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© FH-Prof. Dr. Bernhard Zimmer – 1st. EnerGEO Summer School,Salzburg, 08.09.2011 Renewable Energy Resources: Regional Potential and Ecological Impact Assessment.

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Presentation on theme: "© FH-Prof. Dr. Bernhard Zimmer – 1st. EnerGEO Summer School,Salzburg, 08.09.2011 Renewable Energy Resources: Regional Potential and Ecological Impact Assessment."— Presentation transcript:

1 © FH-Prof. Dr. Bernhard Zimmer – 1st. EnerGEO Summer School,Salzburg, Renewable Energy Resources: Regional Potential and Ecological Impact Assessment Bernhard Zimmer Bavarian Institute for Sustainable Development Hosemannstraße Piding, Germany Contact:

2 © FH-Prof. Dr. Bernhard Zimmer – 1st. EnerGEO Summer School,Salzburg, Regional Potential water power for generation of electricity wind power for generation of electricity solar power for generation of heat and electricity (photovoltaics) biomass for for generation of heat and electricity biomass for biofuel and biogas production

3 © FH-Prof. Dr. Bernhard Zimmer – 1st. EnerGEO Summer School,Salzburg, Utilization of solar power in Southern Germany

4 © FH-Prof. Dr. Bernhard Zimmer – 1st. EnerGEO Summer School,Salzburg, Utilization of solar power in Southern Germany Districts of Traunstein and Berchtesgadener Land

5 © FH-Prof. Dr. Bernhard Zimmer – 1st. EnerGEO Summer School,Salzburg, Strength of renewable energy resources peripheral, local sources local exploitation is possible regional and local value creation (economic potential) potential for small and medium-sized companies

6 © FH-Prof. Dr. Bernhard Zimmer – 1st. EnerGEO Summer School,Salzburg, Weakness of renewable energy resources uneven sources (e.g. wind, solar power) renewable but not unlimited (e.g. biomasses) not without impacts on environment sometimes in competition to food production (e.g. cornbased biogas)

7 © FH-Prof. Dr. Bernhard Zimmer – 1st. EnerGEO Summer School,Salzburg, Life Cycle Assessment, tool to estimate environmental impacts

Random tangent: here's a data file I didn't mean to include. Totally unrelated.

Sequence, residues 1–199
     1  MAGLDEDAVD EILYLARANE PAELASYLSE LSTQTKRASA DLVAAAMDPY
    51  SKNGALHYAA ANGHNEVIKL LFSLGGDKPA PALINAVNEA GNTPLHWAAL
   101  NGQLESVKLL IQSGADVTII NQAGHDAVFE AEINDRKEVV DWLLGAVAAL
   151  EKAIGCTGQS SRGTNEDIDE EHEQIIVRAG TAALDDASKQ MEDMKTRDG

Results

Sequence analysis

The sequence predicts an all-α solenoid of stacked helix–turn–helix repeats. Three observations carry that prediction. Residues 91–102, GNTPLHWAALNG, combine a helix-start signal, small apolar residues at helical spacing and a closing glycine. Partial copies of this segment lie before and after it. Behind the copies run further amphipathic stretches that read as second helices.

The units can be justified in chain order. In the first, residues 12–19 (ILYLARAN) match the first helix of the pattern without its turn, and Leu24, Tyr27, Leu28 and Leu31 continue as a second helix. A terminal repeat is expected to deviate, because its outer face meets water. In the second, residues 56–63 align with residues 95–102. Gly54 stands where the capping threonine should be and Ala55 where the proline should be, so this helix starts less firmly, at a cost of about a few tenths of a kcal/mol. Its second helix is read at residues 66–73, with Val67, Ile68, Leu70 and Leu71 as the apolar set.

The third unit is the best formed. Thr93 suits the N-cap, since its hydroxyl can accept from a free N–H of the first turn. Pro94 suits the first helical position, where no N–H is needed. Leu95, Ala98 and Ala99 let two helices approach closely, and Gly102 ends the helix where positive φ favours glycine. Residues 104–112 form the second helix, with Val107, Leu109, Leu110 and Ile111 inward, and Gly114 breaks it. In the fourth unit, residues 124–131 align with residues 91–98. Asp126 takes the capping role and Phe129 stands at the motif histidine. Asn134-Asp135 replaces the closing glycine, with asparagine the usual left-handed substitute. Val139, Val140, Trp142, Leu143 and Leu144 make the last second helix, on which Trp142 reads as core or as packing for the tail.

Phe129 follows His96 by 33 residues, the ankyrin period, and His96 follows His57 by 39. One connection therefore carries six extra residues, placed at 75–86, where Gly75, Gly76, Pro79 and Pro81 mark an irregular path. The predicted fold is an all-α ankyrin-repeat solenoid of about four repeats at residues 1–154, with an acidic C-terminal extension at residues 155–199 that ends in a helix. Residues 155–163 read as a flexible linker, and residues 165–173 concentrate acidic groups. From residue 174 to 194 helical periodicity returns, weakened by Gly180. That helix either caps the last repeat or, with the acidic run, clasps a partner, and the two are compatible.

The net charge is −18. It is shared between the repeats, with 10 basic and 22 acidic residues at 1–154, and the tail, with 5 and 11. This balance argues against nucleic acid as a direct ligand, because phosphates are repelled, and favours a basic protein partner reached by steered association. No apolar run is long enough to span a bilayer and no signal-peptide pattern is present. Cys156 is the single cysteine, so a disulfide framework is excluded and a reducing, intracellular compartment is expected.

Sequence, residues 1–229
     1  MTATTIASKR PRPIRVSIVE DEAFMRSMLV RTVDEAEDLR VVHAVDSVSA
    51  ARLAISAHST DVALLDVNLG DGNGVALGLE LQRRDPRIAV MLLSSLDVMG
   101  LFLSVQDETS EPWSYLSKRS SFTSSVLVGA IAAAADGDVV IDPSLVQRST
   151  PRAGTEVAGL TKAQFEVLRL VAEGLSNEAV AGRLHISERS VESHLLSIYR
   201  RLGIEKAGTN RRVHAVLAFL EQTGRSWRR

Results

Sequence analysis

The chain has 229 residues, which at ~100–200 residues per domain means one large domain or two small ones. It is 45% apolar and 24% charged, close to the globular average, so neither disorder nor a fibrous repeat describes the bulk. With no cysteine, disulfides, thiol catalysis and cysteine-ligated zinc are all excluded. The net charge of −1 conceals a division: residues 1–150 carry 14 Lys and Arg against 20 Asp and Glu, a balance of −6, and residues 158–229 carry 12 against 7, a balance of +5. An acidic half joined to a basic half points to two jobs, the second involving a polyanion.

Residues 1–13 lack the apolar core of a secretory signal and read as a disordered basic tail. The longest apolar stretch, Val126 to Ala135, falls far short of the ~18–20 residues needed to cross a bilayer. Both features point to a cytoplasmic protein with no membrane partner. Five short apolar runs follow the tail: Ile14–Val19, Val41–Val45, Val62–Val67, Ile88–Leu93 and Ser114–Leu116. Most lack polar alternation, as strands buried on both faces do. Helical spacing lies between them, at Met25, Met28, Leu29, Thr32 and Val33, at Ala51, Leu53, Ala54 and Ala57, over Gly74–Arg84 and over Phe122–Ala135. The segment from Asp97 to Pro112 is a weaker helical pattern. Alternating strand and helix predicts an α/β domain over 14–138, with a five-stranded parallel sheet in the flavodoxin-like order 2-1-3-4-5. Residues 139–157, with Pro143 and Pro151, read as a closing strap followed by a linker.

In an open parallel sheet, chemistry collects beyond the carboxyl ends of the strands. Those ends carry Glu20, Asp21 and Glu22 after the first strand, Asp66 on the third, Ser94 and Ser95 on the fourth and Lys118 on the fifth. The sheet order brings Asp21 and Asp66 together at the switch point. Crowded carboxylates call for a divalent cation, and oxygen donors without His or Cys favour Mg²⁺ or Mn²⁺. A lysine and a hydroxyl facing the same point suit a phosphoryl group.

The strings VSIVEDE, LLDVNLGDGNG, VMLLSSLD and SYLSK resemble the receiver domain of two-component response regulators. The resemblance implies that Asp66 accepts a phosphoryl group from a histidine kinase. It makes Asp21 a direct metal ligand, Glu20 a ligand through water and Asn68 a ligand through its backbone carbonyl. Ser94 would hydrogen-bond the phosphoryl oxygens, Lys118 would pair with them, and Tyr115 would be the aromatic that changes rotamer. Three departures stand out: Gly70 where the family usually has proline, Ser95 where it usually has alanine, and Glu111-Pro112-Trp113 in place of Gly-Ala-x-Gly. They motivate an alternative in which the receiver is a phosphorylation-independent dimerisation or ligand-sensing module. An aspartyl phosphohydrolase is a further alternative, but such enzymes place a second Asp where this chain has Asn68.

8 © FH-Prof. Dr. Bernhard Zimmer – 1st. EnerGEO Summer School,Salzburg, Impact Categories for Natural Resources and Land Use input related categories (resource depletion or competition)  abiotic resources (funds, flows)  biotic resources (funds e.g. biodiversity)  Land output related categories (pollution) global warming potential (GWP100) depletion of stratospheric ozone ecotoxicological impacts human toxicological impacts formation of photo-oxidants acidification eutrophication odour noise radiation casualties...

9 © FH-Prof. Dr. Bernhard Zimmer – 1st. EnerGEO Summer School,Salzburg, LCA of wood chips was part of the project: Supply of forest wood chips: economical and environmental assessment (LCA) of current supply chains (3 years; Budget: €) Main task of the project was to identify the strengths and weaknesses of current supply chains as well as assessing their economical and environmental impacts.

10 © FH-Prof. Dr. Bernhard Zimmer – 1st. EnerGEO Summer School,Salzburg, Relationsship between heating values and water content water content [%] mass of combustible per kg ovendried mass lower heating value (H u ) upper heating value (H o ) amount of energy based on H u amount of energy based on H o